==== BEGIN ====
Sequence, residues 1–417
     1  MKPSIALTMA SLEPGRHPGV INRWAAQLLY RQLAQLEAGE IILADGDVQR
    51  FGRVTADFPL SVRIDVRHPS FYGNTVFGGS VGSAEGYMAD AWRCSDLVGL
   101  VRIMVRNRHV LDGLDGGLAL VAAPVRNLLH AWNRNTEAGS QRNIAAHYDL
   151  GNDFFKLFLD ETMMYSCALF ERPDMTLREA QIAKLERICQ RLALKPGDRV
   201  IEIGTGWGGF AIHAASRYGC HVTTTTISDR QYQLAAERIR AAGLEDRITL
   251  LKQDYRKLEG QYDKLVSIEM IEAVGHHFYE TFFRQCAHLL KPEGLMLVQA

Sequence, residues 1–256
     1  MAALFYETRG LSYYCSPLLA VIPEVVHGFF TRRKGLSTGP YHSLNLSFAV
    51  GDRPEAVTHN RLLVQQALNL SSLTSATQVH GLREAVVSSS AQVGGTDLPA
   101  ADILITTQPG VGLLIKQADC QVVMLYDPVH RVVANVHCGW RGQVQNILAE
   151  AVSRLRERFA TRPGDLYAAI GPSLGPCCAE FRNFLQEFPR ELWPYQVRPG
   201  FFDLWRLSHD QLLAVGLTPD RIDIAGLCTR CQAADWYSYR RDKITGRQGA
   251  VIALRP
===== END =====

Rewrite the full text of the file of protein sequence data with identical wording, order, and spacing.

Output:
Sequence, residues 1–417
     1  MKPSIALTMA SLEPGRHPGV INRWAAQLLY RQLAQLEAGE IILADGDVQR
    51  FGRVTADFPL SVRIDVRHPS FYGNTVFGGS VGSAEGYMAD AWRCSDLVGL
   101  VRIMVRNRHV LDGLDGGLAL VAAPVRNLLH AWNRNTEAGS QRNIAAHYDL
   151  GNDFFKLFLD ETMMYSCALF ERPDMTLREA QIAKLERICQ RLALKPGDRV
   201  IEIGTGWGGF AIHAASRYGC HVTTTTISDR QYQLAAERIR AAGLEDRITL
   251  LKQDYRKLEG QYDKLVSIEM IEAVGHHFYE TFFRQCAHLL KPEGLMLVQA

Sequence, residues 1–256
     1  MAALFYETRG LSYYCSPLLA VIPEVVHGFF TRRKGLSTGP YHSLNLSFAV
    51  GDRPEAVTHN RLLVQQALNL SSLTSATQVH GLREAVVSSS AQVGGTDLPA
   101  ADILITTQPG VGLLIKQADC QVVMLYDPVH RVVANVHCGW RGQVQNILAE
   151  AVSRLRERFA TRPGDLYAAI GPSLGPCCAE FRNFLQEFPR ELWPYQVRPG
   201  FFDLWRLSHD QLLAVGLTPD RIDIAGLCTR CQAADWYSYR RDKITGRQGA
   251  VIALRP